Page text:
At relay, senior reflects on diagnosis

If her doctors’ diagnosis is correct, Saturday was Alexa Lee’s last Relay for Life.

The senior, diagnosed last year with inoperable tumors in both her kidneys, learned in December she has six months to live. Lee has captained a Relay for Life team for seven straight years, but this is her first time doing it as a cancer patient.

“I’m not a doctor. I can’t find the cure for cancer, I can’t do that,” Lee said about her involvement. “But I can walk and show support and show solidarity.”

A few hours into the night, after starting the event off as part of the survivor lap, Lee shared her story with roughly 1,000 attendees filling the Lerner Health and Wellness Center for GW’s fifth annual Relay for Life.

“To be honest, I feel weird calling myself a survivor here tonight when I am still part of

Media Credit: Ashley Lucas | Hatchet Staff Photographer
Junior Leland Gohl holds up senior Teena Cherian during Relay for Life’s doughnut eating contest.

the fight,” Lee said to the packed gymnasium during the Luminaria Assembly. “But in the words of my favorite oncology nurse, ‘If you survive five minutes after hearing the words ‘you have cancer,’ you’re a survivor.’ ”

Cancer has always been a part of Lee’s life. As a child, she watched her dad beat skin cancer. In high school, when her best friend was diagnosed with a rare form of cancer, she took him to chemotherapy sessions and helped him through the recovery process. She never thought he would have to return the favor.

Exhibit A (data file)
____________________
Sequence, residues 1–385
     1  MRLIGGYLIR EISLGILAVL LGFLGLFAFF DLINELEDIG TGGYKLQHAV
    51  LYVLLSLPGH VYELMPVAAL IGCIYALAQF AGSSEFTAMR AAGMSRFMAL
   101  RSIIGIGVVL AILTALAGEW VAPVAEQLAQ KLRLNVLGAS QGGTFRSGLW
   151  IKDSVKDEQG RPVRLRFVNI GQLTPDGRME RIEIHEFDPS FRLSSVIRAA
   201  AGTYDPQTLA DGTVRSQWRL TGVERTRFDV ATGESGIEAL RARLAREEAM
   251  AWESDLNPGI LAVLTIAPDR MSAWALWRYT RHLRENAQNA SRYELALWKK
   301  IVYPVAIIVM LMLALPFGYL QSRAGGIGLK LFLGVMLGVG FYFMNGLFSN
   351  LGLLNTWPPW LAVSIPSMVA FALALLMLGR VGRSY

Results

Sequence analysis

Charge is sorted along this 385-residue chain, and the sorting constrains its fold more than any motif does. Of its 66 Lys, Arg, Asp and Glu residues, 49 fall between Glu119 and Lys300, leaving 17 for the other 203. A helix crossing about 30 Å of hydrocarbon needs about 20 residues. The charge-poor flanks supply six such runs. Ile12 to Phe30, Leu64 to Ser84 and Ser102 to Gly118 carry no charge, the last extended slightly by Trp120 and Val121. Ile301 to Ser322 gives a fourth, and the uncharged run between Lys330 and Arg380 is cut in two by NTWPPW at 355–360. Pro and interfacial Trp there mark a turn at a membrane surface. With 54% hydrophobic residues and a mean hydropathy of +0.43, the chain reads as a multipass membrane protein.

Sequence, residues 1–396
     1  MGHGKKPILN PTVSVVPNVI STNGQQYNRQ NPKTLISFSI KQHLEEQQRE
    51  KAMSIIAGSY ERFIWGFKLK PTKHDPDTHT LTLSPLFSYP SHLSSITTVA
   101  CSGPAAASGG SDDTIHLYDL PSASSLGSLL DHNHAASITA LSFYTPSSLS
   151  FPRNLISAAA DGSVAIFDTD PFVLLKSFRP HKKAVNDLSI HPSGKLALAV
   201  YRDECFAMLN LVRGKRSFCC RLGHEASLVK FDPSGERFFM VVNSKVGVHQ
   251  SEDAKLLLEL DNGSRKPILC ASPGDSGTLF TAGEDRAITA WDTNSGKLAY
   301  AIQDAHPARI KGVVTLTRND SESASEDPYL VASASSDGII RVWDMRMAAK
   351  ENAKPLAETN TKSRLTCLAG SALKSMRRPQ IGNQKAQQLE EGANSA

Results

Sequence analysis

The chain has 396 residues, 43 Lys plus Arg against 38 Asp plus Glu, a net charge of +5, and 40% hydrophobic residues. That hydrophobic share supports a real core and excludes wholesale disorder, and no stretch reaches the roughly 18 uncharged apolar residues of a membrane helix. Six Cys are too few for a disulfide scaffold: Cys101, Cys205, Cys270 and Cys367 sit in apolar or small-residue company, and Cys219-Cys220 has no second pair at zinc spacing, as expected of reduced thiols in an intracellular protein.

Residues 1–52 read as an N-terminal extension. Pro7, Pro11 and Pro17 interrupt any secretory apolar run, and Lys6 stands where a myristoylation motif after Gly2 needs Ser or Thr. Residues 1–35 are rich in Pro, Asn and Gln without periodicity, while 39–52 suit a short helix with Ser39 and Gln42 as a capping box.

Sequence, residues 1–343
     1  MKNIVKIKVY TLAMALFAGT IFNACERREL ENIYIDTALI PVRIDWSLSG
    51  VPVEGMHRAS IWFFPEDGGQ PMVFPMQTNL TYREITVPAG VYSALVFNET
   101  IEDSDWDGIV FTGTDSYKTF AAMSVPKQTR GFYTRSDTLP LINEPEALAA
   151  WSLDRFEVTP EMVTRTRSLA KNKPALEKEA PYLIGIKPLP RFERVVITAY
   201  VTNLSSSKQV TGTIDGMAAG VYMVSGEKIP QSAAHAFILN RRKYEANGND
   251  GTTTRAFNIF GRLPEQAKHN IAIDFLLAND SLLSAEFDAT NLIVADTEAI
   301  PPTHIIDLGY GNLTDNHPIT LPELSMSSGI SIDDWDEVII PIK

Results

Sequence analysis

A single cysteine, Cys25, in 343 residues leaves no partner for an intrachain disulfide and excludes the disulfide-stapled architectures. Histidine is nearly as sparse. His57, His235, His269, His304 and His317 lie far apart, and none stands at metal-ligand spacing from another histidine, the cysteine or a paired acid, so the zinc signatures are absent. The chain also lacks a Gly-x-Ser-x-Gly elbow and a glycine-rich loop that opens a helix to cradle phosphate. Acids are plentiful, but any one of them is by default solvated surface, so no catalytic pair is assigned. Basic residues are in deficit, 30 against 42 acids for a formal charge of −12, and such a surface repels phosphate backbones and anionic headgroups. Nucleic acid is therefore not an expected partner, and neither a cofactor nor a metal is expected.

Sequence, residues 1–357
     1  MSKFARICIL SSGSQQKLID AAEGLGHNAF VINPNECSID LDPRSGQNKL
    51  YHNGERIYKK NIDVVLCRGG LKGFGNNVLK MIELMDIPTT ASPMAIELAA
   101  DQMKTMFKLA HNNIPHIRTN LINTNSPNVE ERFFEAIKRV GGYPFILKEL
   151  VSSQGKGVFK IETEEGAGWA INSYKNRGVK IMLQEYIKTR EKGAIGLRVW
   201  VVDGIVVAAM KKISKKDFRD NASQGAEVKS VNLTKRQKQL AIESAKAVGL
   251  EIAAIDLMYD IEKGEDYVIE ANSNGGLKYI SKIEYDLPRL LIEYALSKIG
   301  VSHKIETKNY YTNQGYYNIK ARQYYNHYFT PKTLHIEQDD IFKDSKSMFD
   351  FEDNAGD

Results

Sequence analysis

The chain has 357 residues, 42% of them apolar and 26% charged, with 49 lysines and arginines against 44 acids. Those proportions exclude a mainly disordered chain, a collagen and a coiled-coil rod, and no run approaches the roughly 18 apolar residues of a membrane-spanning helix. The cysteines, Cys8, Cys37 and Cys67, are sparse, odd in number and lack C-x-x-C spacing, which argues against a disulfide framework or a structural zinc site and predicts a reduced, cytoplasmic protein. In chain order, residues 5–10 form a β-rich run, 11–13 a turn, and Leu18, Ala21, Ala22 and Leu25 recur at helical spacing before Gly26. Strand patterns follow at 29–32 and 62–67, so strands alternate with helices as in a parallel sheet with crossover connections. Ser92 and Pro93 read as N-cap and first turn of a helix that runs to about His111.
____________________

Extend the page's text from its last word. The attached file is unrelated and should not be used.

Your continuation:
Now, as president of the community service-focused fraternity Alpha Phi Omega, which raised nearly $7,000 for the event this year, Lee said her friends have helped her come to terms with her diagnosis.

One of the most difficult adjustments in her life, she said, was learning to ask for help.

“It’s really the little things that you pick up on – not always being able to make yourself dinner and not [being] able to walk to class,” she said.

In describing to the audience the support she’s received since her diagnosis, Lee pointed out where she finds love.

“Love, to me, is a roommate who sits with me on the couch watching trash TV as I’m recovering from a round of chemo,” she said. “Love is a friend who rushes himself to the hospital to get tested for a kidney transplant.”

This spring, Lee will complete her degree in human services against the wishes of her parents and doctors, who wanted her to be closer to home while undergoing chemotherapy.

“I prepared myself for what would be the biggest challenge of my life: being a cancer patient and a second semester college senior,” she said.

After Lee spoke, hundreds walked in silence around the track, which was lined with strings of lights. Sophomore Clara Troyer, a Relay for Life organizer, then announced that donations had reached $53,000 – just $7,000 short of this year’s goal.

“I think that the reason people participate is because everyone has been touched by cancer,” co-chair Lauren Clark said. “Whether it’s someone as close as your mom or dad or a sibling, or a distant relative or a friend.”

By the end of the event, the 55 teams raised more than $53,800, according to the event’s website. The GW Women’s Rugby team brought in the most money, at more than $7,000 – just a few hundred dollars ahead of Alpha Phi Omega.

Seven participants from six different teams each raised more than $1,000.

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